|Sydney/Melbourne/Brisbane - Hong Kong||Business||40,000||N/A||50,000||60,000||75,000|
|Sydney/Melbourne/Brisbane - Los Angeles/San Francisco||Business||80,000||55,000||90,000||96,000||150,000|
|Perth - London||Business||85,000||N/A||90,000||112,000||150,000|
- AAdvantage does not allow Premium Economy redemptions on partners (for now)
- Alaska Mileage Plan does not allow routings between Australia and Europe; routings between Australia and Asia must be on Cathay Pacific, not Qantas
You are most likely to find open award seats on these flights when the Qantas award calendar opens up 353 days before departure. In addition, you may also find seats in the week leading up to when you want to fly.
Remember, reward seats in Economy Class are easier to find than those in premium cabins.
If you can’t find availability on Qantas, the most common alternatives for Business and Premium Economy seats are:
- To Europe: Cathay Pacific and Emirates (no Premium Economy for now)
- To the US: Cathay Pacific, American Airlines and Japan Airlines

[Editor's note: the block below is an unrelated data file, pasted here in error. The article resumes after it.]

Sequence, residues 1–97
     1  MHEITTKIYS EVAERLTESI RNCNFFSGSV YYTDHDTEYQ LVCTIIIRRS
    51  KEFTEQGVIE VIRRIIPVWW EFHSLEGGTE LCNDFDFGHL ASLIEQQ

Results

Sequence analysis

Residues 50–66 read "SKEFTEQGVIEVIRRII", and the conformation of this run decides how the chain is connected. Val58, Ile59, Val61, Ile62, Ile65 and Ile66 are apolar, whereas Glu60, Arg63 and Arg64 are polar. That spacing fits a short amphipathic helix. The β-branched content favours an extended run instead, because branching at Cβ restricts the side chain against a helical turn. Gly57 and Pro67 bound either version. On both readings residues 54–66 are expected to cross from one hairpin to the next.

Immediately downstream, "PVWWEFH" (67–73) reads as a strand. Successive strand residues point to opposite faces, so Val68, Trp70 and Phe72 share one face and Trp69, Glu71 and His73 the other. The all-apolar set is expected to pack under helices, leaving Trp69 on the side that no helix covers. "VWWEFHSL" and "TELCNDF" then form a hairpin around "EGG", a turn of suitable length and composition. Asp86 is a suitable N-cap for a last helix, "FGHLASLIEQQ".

Where to credit miles
If you are purchasing a cash ticket on one of these flights and want the most value out of the points you’ll get out of it, check out our guide on how to choose which program to credit your frequent flyer points to.
It’s great news that Qantas is continuing to invest in its superior Business Class on this new aircraft.
Unfortunately, the updated Premium Economy product has been a miss, but getting a little more room in Economy Class is never a bad thing.
We’ll keep our ears open for announcements about where it will fly next and what award availability trends emerge.
Supplementary images courtesy Andrew Dean.